Is An Online MBA Worth $89,000?
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While online MBA programs are nothing new, elite business schools are starting to offer the option to students, with UNC’s Kenan-Flagler school the latest to join the party.
When the dean of the University of North Carolina’s Kenan-Flagler Business School first broached the idea of launching an online MBA program, his faculty and students were highly skeptical. “Many of our full-time MBA students are not convinced this is a good idea,” says Dean James Dean. “They underestimate the challenge of what it is for people to remain in their jobs and work and study for the degree.”
Even Dean concedes that he had doubts. “To be honest, I was initially skeptical,” Dean says. “I wondered: Can you really do an MBA online that you could be proud of? I came around to the idea that this was a great opportunity for us and could change the nature of business education at the top schools.”
The upshot: This July, Kenan-Flagler will be the highest ranked business school in the U.S. to offer an online MBA program. The school expects to enroll 50 students in its initial class at a cost of $89,000 each, a price tag that includes up to four weekend residencies at different locations around the world. UNC is partnering with 2tor Inc., a company that provides the technology platform and instructional design to deliver courses online.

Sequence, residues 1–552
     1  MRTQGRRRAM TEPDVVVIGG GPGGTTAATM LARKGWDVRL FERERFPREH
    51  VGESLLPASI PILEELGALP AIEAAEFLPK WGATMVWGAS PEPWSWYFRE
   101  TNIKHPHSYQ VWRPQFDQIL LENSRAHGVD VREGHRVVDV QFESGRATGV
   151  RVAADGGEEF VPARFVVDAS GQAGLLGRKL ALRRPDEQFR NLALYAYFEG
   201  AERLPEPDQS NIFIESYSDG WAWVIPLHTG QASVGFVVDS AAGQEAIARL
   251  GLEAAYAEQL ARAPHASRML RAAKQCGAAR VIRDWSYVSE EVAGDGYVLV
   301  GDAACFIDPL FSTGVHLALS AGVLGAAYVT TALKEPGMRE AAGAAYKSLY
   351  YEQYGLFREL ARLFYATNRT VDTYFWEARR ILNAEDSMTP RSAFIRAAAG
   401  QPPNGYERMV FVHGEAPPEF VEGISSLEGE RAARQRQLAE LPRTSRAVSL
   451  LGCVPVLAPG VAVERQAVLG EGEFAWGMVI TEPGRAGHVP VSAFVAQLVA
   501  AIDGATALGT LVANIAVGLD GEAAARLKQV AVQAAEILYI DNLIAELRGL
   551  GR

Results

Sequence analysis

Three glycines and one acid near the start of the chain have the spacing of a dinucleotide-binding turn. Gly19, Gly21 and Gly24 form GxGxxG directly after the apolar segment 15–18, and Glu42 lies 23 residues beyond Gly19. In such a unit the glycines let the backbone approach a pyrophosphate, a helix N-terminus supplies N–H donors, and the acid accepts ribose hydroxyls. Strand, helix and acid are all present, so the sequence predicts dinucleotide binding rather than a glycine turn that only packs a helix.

The two-year program, dubbed MBA@UNC, will feature pre-arranged sessions that use live streaming video as well as archived lectures and interactive simulations that can be accessed 24/7. Case study and lecture discussions also will be in both real time and via forum boards.
“The level of intimacy will be at least as high or higher than in the classroom because there are fewer people involved,” says Dean. “You can hide in the back row in a classroom, but if you are one of 10 on a computer screen, you can’t.”
“Ten or 12 years ago, online dating seemed to have some scary edge to it,” says Ian Van Tuyl, who as vice president of production at 2tor is working with UNC faculty to build the curriculum. “Today even your grandmother is urging you to go online and find someone. My sense is that online degrees will become as accepted as online dating is today.”